Wheatley’s commitment to crowdpleasing antics makes it difficult to stop and consider the lack of depth. In a universe of shootout clichés, Free Fire manages to carve out its own niche, where the proverbial last man standing matters less than the journey to get him there.
The Film Stage
A surefire cult classic in the making, its unhinged carnage proves a memorable delight. It may not be original, but it’s an adrenaline shot I sorely craved.
Consequence of Sound
Free Fire might be a trifle of a quippy, feature-length shootout, but it’s the best damned trifle of a quippy, feature-length shootout you’ll ever see.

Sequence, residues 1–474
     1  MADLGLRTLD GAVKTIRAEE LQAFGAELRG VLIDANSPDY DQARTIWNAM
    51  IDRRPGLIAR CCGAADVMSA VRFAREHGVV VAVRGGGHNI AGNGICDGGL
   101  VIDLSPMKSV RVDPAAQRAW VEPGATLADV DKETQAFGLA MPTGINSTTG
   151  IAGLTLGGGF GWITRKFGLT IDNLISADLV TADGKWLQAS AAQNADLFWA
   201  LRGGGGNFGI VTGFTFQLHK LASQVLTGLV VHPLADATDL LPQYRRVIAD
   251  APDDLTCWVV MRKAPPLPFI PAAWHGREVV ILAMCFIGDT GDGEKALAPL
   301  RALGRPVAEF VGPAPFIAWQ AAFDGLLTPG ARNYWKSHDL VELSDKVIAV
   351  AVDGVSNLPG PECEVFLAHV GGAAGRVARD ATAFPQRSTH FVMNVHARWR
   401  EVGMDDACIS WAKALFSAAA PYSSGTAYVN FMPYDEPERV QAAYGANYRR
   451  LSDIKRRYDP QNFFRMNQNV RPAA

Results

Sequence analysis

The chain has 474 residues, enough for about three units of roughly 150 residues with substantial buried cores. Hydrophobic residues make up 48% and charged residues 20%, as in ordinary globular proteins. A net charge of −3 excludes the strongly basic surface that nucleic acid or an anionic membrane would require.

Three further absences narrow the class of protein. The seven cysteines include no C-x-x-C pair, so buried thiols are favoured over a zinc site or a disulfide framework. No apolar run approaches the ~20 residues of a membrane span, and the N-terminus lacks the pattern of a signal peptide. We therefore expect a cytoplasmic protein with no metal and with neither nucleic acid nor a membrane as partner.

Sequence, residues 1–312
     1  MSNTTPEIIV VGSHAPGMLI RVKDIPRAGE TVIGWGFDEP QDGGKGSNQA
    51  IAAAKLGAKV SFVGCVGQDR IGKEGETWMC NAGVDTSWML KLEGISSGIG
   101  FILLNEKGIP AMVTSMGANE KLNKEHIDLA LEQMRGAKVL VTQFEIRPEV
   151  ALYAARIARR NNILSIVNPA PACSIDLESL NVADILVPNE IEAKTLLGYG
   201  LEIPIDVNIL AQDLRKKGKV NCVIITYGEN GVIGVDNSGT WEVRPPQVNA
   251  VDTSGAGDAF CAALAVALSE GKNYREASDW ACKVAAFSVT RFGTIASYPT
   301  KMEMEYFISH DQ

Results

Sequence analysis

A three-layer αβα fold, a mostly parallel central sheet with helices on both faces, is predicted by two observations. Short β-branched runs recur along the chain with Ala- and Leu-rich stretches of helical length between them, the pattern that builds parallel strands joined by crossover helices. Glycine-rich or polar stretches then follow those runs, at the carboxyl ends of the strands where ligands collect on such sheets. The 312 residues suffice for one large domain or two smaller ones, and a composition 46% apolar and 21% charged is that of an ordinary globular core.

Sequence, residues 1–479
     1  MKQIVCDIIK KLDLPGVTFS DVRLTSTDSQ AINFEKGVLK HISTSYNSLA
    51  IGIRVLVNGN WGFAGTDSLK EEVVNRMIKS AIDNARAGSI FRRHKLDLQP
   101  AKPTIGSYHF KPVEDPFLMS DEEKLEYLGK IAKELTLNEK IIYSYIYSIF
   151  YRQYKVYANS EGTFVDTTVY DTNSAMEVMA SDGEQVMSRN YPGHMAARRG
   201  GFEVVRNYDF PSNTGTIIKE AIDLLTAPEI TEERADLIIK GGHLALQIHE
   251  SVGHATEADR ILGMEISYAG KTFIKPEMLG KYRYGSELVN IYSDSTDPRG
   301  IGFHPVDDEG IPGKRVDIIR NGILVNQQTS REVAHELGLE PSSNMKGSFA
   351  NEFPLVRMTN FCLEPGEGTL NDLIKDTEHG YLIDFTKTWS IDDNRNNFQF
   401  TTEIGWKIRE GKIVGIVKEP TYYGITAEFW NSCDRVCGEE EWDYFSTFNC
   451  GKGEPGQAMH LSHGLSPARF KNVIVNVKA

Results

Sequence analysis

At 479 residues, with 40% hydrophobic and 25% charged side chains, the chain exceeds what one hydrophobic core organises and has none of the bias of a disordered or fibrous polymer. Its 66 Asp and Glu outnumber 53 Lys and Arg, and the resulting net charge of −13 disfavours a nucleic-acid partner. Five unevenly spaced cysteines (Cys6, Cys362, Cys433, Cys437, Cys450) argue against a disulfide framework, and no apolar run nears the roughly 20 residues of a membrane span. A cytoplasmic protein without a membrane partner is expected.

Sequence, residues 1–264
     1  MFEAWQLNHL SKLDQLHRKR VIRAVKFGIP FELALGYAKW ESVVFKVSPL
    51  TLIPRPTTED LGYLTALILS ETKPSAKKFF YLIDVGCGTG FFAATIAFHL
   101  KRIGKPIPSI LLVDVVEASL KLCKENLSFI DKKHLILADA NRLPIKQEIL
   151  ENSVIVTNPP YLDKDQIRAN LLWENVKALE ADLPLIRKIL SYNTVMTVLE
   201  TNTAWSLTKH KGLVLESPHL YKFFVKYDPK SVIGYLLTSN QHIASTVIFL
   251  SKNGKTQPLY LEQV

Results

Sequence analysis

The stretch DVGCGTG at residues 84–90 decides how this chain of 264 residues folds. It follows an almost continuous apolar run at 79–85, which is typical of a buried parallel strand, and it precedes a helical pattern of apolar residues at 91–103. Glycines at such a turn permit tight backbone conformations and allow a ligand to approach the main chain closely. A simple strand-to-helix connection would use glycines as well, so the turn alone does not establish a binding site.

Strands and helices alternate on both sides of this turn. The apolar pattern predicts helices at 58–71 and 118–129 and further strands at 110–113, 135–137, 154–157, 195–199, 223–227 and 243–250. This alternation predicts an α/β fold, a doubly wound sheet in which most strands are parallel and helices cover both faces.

The fact that they could all lay down their weapons and finish the deal heightens Wheatley’s generally irreverent approach, all of which serves to remind that guns don’t kill people; insecure, overcompensating idiots do.
It might seem unlikely that something so narratively simplistic and ultimately childish could sustain its runtime but the chaos and comedy of the haphazard gunplay is such that it only suffers from a handful of lulls.
There’s a decent amount of craft on display, along with a filmmaker of genuine chutzpah. Throw just a little restraint into the mix, and you might really have something.
There’s something lacking, a touch of the bizarre or the perverse, with just one particularly nasty death to serve as a reminder that you’re watching a Ben Wheatley film.